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The North Bend Eagle


Foundation presents final library plans to city

by Nathan Arneal
Published 3/9/11

An enthusiastic group of Library Foundation members presented the final plans for North Bend’s new library at the March 1 City Council meeting.

NB Library plansThe plans for the new North Bend library. Click to see a larger version.

The plans have gone out to 16 general contractors interested in bidding on the project. Submitted bids will be opened March 15 at 2 p.m, with a goal of beginning construction in April.

One thing added to the plans from the previous blueprints is a children’s room that will house the children’s book collection as well host summer story time and other kids’ programs.

“We are so thrilled with that children’s area,” Foundation member Pat Beebe said. “The original plans didn’t have a specific children’s room. We visited other libraries and saw children’s rooms that were just so outstanding. So we brought this idea back.”

A two-story tower above the entryway was eliminated from the previous plans as a cost-saving measure. Also eliminated was a staff restroom and an office.

Library Foundation treasurer Deanna Wolf said bidders are asked to include three alternatives in addition to a lump sum bid. One alternative includes top-end, 50-year shingles or cheaper asphalt shingles. The second alternative includes the cost of a geothermal heating and cooling system, which will increase up-front costs, but save money on utilities in the long run. The final alternative is the addition of an underground sprinkler system for the lawn.

Wolf said a sluggish economy that has lowered the number of construction projects out there should work in North Bend’s favor when bids are received.

“From all the indications we have from subcontractors and contractors,” Wolf said, “we couldn’t have picked a better time (to ask for bids).”

Bebee showed the council paint swatches and carpet samples that will give the library its look.

Wolf reported that more than 3,000 individuals and organizations have donated to the new library’s fund raising effort. The Foundation has raised $1,248,732.44, just over its $1.2 million goal. However, it is still seeking donations and grants to pay for things not covered in the original estimate such as a sprinkler system, landscaping, parking and certain furnishings and fixtures.

“We’re amazed at the amount of community support we get,” Foundation president Jana Post said. “We only hear positive things. Even as we go out to other communities, other people have heard about our project and are supportive. Right now a lot of people can’t use the library or don’t for different reasons. I think this new building brings in unlimited ideas into our community.”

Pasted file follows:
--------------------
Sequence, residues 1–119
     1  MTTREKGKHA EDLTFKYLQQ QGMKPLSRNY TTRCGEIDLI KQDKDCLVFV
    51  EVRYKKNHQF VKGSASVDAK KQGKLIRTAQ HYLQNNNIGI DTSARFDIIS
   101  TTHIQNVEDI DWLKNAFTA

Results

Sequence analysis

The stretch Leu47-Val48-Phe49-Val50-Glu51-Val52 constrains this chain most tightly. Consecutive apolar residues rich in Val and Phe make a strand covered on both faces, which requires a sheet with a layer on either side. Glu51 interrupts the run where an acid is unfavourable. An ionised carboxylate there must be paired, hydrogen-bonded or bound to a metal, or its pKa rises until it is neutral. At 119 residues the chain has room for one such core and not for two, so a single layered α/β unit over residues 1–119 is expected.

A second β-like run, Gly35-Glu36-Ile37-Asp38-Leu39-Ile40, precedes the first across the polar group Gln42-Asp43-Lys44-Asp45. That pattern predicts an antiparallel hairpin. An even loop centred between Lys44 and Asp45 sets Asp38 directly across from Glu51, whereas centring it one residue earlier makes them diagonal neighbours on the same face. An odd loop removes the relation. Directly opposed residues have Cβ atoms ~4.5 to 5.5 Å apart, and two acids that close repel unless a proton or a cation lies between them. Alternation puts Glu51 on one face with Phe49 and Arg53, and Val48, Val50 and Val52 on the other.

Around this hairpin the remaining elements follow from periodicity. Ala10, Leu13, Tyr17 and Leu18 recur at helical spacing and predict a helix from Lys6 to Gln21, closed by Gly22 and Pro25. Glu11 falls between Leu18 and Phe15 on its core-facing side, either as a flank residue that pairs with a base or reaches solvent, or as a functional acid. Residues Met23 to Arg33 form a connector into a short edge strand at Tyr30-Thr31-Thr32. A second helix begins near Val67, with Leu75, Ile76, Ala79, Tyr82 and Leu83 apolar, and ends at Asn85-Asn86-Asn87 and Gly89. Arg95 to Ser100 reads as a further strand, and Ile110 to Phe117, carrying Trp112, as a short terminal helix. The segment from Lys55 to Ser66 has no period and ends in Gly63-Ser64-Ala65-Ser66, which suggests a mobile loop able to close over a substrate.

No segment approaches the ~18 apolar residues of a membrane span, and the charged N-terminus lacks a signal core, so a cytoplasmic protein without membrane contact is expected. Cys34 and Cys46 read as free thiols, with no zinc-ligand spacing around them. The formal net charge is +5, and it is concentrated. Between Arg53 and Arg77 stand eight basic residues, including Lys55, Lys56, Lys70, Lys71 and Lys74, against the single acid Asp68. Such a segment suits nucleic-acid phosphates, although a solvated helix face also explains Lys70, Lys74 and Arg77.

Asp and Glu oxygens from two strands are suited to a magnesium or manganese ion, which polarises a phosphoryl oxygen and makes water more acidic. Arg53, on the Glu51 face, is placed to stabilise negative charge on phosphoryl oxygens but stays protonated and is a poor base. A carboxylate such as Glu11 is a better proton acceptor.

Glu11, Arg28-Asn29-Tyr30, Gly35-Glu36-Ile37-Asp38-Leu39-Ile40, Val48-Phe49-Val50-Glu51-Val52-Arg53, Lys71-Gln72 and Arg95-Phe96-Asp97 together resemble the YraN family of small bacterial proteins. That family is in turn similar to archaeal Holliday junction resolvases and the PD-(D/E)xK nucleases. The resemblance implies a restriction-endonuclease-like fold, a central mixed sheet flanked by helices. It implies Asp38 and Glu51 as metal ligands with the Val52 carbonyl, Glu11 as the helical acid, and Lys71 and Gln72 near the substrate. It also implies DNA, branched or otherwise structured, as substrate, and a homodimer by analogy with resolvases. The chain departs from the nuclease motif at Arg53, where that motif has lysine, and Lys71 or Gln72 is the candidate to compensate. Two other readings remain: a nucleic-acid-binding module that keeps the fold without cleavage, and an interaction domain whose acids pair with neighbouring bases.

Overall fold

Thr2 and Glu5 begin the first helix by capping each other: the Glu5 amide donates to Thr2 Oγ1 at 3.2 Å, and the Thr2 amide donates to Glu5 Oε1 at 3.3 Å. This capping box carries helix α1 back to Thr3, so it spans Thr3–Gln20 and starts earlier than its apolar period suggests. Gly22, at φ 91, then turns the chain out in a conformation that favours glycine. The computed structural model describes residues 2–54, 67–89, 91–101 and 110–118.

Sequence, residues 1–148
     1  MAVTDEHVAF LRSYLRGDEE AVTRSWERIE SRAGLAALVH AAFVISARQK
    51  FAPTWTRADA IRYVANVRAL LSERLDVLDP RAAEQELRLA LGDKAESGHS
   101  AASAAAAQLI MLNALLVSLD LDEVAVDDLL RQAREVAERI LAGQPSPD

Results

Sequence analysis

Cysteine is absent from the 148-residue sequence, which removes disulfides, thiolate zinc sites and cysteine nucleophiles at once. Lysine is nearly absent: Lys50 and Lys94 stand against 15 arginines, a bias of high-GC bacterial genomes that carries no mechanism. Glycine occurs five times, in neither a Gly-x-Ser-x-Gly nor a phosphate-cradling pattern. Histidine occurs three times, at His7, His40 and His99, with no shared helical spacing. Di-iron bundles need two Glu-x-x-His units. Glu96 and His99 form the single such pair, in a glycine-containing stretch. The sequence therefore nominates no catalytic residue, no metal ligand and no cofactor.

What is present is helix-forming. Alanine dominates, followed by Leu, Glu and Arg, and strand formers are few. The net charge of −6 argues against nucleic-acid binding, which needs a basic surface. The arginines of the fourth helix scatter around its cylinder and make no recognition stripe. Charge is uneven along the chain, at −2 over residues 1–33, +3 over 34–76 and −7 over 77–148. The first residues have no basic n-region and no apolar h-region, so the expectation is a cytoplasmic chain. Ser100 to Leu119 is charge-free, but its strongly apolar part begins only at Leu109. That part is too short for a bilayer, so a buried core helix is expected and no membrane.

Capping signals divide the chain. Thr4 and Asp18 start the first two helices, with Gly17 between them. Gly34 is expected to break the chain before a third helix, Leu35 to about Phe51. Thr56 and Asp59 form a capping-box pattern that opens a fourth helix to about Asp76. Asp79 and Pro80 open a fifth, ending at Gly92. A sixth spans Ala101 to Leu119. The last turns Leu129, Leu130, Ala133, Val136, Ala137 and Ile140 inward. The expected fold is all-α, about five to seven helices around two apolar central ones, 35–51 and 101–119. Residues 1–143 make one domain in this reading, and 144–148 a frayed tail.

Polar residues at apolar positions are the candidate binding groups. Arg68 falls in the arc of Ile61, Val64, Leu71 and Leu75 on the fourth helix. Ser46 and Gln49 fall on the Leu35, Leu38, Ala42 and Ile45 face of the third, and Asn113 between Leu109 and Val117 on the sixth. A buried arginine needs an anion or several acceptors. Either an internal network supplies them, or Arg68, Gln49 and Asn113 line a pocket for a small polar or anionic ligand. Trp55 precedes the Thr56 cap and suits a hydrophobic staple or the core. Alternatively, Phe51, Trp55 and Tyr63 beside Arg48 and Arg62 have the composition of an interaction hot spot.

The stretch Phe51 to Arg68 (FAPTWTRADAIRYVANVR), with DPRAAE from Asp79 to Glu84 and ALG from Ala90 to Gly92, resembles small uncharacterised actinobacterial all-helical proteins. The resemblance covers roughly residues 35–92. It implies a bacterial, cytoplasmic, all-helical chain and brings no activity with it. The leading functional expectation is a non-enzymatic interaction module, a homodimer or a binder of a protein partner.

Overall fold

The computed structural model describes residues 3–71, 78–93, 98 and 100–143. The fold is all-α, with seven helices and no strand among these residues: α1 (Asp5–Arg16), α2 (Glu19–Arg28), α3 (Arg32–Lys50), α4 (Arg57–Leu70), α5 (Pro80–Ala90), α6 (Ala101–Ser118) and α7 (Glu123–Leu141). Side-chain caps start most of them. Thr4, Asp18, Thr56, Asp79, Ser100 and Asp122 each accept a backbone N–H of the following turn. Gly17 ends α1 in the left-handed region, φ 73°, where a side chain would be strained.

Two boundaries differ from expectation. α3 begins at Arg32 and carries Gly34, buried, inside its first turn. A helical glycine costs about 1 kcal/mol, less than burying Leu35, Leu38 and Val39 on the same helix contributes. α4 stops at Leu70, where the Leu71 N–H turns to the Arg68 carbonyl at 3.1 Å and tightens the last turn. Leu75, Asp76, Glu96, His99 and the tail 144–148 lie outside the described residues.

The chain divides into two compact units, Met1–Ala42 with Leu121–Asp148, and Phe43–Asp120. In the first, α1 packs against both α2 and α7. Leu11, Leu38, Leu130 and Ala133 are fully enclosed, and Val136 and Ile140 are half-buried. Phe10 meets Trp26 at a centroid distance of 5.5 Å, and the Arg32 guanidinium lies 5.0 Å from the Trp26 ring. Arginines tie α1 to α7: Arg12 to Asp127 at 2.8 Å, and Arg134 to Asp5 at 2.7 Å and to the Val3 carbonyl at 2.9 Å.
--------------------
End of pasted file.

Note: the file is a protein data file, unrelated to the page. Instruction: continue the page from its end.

The Foundation is looking at equipment, shelving and furniture in the current library to see what can be used in the new library, Beebe said. She also asked if the furniture, fixtures and equipment could be purchased through the city, which could save as much as $14,000 in sales tax.

Mayor Jeff Kluthe asked if the Foundation has come any closer to signing the agreement between the Foundation and city regarding the city taking over the library once it is built. The city gave the agreement to the Foundation last July. Wolf said the Foundation hopes to be ready to sign the agreement by the March 15.

While city council members said they are excited about the new library, they added some caution to their optimism.

“With the economy you hear about all these cities and states having so much financial trouble,” councilman Tim Blackmon said. “It’s the fear of the future that’s on our minds. While it’s great to be happy about the new library - and I’m all for it - but the fact is that there are some communities that have had to close their libraries because they can’t afford to keep them open.”

Blackmon said North Bend must keep growing and its tax base not drop in order to maintain the new library building. Currently, they library receives about $26,000 a year in tax revenue.

“Right now the money is there and it looks good for the near term,” Blackmon said, “but it is just a concern, just like anytime you buy something new.”

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